While the implementation of the Affordable Care Act has, to some degree, enabled Americans to more easily obtain insurance benefits without going through their workplace, employment-based insurance is the way in which the vast majority of Americans access coverage. However, if given the option, consumers would like to have greater say in what these perks do for them on a personal level, a new poll reveals.
Spanning all age groups and generations - from millennials to baby boomers - nearly three-quarters of Americans want insurance benefits that are more customized to their preferences and lifestyle habits, according to a recent survey conducted by LIMRA, a professional resource and research organization.
Sixty-two percent list life insurance among favorite benefits
Workplace benefits come in a variety of forms, including of course health insurance, retirement planning, paid time off from work as well as life insurance packages. In fact, nearly two-thirds of respondents pointed to life insurance as their most preferred benefit, more so than disability coverage, legal services, financial wellness or paid extended leaves of absence for personal reasons.
Perhaps unsurprisingly, given the different stages of life today's employees are in, what benefits workers value most differs depending on their generation. For example, millennials tend to prefer educational and paid leave perks more so than their older peers, largely because they're raising families and still feeling the effects of college debt, the poll found. Meanwhile, Generation X workers lean in favor of financial planning and wellness benefits predominantly, thanks to being more established and earning a higher wage than when they were younger when new in the working world.
Michael Ericson, an analyst with the LIMRA Secure Retirement Institute, noted that poll after poll shows employers try to keep workers satisfied by providing them with opportunities for advancement as well as coverage options that they may not be able to get as easily, if at all, elsewhere.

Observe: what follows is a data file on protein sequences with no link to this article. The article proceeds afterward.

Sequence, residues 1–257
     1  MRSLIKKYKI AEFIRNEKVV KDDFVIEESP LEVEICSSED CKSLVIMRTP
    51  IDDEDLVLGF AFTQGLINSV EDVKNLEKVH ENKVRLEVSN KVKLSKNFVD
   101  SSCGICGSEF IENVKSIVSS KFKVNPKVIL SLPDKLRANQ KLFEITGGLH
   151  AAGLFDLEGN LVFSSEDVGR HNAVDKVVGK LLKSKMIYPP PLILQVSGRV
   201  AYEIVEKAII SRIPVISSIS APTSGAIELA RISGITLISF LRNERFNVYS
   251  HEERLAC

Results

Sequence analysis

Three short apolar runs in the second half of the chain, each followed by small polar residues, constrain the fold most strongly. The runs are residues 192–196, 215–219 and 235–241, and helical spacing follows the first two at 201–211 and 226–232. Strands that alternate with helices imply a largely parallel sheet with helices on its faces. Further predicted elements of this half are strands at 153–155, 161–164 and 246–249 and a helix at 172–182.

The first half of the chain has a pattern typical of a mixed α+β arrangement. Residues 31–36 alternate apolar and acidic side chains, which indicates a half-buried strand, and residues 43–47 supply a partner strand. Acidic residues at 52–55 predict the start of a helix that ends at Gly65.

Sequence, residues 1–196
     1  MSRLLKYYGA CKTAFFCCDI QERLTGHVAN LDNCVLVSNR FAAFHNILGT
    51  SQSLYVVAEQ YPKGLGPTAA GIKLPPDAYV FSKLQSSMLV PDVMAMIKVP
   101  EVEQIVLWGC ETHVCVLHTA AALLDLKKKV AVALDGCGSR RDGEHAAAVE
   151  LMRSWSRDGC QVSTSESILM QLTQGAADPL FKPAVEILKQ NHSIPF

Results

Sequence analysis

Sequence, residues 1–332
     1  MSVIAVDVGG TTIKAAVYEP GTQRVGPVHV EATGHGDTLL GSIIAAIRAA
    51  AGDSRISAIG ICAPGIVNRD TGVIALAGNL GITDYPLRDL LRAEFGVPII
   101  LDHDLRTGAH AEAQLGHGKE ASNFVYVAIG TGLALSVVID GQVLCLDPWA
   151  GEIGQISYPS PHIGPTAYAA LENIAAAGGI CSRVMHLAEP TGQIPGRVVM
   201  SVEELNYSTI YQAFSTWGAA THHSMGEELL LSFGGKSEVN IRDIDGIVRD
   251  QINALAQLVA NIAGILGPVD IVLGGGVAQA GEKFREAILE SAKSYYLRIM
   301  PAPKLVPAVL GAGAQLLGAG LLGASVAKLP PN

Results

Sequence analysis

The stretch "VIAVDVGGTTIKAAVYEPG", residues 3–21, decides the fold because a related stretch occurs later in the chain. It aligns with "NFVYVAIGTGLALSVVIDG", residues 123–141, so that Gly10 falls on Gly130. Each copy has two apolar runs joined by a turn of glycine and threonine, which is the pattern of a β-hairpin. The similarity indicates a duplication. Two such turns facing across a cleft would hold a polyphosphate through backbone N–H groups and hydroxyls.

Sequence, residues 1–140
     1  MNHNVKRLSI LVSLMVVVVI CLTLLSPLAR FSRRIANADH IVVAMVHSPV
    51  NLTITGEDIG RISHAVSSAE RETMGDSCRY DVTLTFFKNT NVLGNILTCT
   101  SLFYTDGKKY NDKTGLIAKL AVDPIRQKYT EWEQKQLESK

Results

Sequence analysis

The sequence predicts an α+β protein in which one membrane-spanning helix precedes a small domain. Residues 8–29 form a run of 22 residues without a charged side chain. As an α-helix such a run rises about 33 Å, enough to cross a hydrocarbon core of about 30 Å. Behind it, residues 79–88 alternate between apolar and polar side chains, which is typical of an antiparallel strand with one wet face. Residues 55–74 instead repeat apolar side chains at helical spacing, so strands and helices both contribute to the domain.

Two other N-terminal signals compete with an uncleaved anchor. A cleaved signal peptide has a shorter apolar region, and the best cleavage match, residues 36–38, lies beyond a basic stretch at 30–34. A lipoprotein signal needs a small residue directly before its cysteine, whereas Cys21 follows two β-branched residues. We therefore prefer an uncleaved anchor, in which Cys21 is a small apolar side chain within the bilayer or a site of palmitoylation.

"With four generations in the workplace, designing an attractive benefits package for all employees is challenging," Ericson explained. "As a result, employers are considering offering their employees the ability to control how they allocate their allotted money across their benefits."
Businesses exhibit greater willingness to compromise perks
Indeed, in a poll done this time last year by Robert Half Management, over half of company managers - 56 percent - indicated they were more amenable to negotiating non-monetary benefits than they were 12 months earlier.
"It's important for businesses to ask employees what perks they value most and clearly promote the firm's offerings," advised Paul McDonald, Robert Half senior executive director. "Many companies undersell these benefits."
Retirement planning is a hallmark of many employer-based benefit packages. Today, almost 95 percent of employers make post-career preparation products and services available to their staff, according to a poll done by the Society for Human Resource Management.
"The number of benefits employers are offering is consistent with recent years," said Evren Esen, SHRM survey program director. "However, employers are always looking for new and innovative benefits that are cost-effective and best fit their workforce."
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